Work and pensions secretary David Gauke has denied he announced an increase in the state pension age on the same day as the BBC released details of how much it pays its star presenters in an attempt to “bury bad news”.
Gauke announced today that the pension age would rise from 67 to 68 from 2037 - seven years earlier than planned.
Today’s news has been dominated by the publication of which BBC presenters earn over £150,000.
And the BBC’s Simon McCoy questioned Gauke whether this was a coincidence.
“This is not a bad day to bury bad news given the fuss there is going to be in the papers tomorrow about BBC salaries, is that part of the process that led to this decision this afternoon?” he asked.
But Gauke denied this was the case. “This was planned in our grid before I was even aware the BBC presenter story was going to be put out there. It didn’t feature in our thinking.”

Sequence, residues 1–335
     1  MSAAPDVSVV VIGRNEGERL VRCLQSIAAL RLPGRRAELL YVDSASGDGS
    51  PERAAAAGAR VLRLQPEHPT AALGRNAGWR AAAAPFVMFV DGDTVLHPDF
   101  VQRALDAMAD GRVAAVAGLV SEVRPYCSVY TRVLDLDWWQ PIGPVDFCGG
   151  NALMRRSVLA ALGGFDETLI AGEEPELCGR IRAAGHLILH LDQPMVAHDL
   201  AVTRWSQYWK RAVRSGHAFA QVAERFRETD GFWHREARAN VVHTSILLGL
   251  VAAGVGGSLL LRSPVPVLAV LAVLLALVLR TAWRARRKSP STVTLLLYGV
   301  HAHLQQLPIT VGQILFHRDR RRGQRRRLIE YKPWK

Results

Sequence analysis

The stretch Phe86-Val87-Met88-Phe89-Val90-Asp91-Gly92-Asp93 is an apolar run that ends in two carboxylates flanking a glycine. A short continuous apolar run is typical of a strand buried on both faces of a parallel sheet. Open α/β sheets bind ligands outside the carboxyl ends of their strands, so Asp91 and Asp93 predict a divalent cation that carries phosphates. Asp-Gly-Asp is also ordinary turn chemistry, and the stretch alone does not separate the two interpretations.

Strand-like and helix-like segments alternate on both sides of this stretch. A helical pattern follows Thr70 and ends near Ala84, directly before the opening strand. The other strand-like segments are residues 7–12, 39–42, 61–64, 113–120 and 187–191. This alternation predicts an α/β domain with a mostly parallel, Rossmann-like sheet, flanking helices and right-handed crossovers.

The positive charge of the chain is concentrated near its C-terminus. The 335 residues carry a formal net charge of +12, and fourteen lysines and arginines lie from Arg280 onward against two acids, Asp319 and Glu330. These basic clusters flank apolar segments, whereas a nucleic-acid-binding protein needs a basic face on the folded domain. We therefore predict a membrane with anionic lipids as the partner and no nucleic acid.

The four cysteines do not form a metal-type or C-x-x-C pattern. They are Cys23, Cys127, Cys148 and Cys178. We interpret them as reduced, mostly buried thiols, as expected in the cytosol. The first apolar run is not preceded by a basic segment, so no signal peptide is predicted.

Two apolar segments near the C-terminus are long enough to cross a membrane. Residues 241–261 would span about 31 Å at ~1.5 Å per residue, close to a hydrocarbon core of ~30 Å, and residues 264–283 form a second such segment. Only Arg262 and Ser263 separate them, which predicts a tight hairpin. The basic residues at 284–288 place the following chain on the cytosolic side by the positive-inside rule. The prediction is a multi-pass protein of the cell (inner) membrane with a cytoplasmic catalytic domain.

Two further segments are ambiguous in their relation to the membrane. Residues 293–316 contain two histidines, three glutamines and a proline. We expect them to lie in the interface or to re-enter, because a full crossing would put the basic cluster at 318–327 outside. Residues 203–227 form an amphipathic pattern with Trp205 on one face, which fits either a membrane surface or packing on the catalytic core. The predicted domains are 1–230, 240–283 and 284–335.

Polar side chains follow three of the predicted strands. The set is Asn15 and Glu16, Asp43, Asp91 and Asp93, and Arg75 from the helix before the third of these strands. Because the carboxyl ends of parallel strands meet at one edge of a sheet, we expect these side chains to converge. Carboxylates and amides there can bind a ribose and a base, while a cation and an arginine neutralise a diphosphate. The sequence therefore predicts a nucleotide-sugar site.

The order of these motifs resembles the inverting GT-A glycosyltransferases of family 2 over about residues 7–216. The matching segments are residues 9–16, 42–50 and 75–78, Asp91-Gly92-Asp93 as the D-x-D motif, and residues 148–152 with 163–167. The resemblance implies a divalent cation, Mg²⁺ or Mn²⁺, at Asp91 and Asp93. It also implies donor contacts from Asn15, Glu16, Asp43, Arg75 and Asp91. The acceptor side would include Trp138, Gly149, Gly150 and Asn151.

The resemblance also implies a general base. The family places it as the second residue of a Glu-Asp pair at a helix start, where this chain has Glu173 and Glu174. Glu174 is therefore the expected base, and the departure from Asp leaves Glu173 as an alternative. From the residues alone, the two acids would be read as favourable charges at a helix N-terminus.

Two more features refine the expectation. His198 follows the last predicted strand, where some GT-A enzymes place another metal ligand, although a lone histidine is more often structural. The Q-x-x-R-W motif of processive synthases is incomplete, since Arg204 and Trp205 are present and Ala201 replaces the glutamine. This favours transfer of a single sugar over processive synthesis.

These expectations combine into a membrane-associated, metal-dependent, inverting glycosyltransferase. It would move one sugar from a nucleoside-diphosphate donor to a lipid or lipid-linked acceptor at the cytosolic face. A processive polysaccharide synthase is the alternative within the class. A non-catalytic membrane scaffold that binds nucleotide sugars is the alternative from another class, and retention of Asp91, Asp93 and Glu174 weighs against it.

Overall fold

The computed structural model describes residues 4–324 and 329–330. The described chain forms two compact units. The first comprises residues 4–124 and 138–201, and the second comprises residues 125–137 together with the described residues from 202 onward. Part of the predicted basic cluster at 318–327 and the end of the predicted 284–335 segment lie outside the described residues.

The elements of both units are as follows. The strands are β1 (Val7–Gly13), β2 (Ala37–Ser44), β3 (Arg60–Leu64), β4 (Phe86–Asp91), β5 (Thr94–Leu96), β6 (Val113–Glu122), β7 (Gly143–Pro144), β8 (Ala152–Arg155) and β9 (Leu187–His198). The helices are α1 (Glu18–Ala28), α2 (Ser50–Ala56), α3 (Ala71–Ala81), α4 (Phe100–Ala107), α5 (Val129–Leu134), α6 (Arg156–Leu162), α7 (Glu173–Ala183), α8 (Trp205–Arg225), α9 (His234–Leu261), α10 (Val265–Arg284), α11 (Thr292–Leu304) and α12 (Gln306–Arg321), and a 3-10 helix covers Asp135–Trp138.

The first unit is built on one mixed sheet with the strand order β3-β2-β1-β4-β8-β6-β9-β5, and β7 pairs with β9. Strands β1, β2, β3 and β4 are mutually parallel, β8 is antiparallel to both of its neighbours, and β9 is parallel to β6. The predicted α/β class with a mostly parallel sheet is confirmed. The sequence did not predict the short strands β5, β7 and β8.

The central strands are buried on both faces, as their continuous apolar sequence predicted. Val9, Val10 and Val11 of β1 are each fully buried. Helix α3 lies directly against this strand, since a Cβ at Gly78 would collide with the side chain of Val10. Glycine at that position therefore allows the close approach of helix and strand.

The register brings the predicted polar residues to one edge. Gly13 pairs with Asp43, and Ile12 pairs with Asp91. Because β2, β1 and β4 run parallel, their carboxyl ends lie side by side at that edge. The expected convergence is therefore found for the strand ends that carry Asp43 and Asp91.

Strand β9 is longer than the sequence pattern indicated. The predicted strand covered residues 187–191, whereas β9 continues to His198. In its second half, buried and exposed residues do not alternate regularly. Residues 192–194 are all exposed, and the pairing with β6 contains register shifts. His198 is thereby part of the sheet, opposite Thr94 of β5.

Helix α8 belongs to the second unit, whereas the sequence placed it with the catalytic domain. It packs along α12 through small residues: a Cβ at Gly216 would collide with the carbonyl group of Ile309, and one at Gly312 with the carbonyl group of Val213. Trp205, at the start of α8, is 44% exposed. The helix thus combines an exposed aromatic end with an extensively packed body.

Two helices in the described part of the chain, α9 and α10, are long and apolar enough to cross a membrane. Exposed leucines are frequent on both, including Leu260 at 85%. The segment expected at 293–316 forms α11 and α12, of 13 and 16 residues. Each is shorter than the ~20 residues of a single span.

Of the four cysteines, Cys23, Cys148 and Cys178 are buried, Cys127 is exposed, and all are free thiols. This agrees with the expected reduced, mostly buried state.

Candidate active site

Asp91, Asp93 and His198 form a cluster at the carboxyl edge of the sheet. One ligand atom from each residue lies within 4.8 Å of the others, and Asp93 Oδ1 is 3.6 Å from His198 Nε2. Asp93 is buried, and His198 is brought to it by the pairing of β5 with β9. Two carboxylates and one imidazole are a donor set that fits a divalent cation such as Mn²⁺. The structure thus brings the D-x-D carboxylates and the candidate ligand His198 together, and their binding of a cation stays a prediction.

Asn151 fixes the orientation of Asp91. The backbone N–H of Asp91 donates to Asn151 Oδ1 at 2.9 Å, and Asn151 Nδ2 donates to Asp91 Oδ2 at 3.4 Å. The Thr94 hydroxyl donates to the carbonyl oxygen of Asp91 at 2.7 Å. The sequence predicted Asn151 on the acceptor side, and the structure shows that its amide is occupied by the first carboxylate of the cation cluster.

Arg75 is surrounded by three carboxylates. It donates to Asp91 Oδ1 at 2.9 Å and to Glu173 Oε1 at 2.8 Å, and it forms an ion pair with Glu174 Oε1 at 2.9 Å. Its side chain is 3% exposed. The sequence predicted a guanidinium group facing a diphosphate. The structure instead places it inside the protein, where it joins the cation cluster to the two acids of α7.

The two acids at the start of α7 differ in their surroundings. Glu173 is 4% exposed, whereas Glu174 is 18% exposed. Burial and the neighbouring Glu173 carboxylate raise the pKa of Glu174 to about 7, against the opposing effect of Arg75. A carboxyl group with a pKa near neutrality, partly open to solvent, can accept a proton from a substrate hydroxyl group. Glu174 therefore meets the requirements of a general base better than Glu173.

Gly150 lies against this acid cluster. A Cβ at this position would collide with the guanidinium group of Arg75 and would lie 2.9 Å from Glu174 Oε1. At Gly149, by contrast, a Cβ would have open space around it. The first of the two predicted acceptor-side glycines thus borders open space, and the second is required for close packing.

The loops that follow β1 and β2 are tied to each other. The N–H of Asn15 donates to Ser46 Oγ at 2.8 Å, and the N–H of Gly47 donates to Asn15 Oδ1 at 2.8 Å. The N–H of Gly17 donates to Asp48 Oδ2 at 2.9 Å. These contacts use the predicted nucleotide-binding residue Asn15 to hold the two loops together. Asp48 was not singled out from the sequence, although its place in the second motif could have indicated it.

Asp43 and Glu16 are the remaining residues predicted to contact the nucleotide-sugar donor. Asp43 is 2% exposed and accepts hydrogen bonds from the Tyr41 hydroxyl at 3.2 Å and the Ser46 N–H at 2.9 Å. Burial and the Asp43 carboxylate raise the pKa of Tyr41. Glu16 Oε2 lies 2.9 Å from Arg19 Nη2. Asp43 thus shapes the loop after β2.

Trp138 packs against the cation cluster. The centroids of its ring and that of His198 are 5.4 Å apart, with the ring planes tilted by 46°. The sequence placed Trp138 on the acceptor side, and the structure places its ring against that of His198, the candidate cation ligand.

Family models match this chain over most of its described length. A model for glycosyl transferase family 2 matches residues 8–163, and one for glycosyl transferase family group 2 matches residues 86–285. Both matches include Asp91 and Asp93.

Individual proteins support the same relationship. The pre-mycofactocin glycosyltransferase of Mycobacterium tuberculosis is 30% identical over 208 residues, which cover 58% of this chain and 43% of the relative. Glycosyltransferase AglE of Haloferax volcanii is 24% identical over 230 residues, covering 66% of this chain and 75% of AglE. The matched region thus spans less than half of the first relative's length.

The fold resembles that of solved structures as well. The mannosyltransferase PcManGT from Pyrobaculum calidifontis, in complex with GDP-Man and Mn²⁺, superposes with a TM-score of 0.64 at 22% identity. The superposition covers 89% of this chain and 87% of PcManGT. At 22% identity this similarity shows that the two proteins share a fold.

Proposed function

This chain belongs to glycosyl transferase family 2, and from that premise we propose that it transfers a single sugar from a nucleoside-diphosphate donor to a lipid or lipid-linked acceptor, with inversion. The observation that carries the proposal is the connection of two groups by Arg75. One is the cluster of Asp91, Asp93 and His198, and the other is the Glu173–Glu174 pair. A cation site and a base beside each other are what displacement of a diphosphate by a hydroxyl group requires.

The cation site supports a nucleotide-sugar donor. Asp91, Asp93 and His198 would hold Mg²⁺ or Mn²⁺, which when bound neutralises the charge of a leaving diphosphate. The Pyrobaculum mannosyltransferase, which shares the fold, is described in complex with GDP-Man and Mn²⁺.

The increase in the pension age, which will affect people born after 5 April 1970, had been scheduled to come in between 2044 and 2046. The government said bringing the date forward will save £74bn.
The government argues the increase is the “responsible and fair course of acton” as life expectancy had improved.
Debbie Abrahams, the shadow work and pensions secretary, said the increase was “an astonishing continuation of austerity” that would force 34 million people to work longer than under Labour’s plans to keep the retirement age at 66.